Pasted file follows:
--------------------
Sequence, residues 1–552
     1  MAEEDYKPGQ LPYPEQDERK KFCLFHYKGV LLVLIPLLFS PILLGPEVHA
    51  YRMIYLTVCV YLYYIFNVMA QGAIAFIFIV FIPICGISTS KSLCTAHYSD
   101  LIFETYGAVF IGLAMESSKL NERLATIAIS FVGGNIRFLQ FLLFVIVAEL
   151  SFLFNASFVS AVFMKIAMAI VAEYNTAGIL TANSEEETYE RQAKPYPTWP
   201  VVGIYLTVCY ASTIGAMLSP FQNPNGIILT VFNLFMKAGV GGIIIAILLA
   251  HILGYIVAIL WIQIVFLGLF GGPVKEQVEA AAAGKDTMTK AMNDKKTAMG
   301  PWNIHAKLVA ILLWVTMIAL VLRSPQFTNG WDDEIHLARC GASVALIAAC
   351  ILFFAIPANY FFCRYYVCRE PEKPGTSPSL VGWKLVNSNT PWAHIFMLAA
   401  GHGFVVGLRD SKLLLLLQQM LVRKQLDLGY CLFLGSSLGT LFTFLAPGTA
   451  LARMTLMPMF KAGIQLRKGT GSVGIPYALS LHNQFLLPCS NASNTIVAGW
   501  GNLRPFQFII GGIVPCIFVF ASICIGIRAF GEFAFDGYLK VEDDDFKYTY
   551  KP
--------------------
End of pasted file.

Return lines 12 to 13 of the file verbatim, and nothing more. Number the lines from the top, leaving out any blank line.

   501  GNLRPFQFII GGIVPCIFVF ASICIGIRAF GEFAFDGYLK VEDDDFKYTY
   551  KP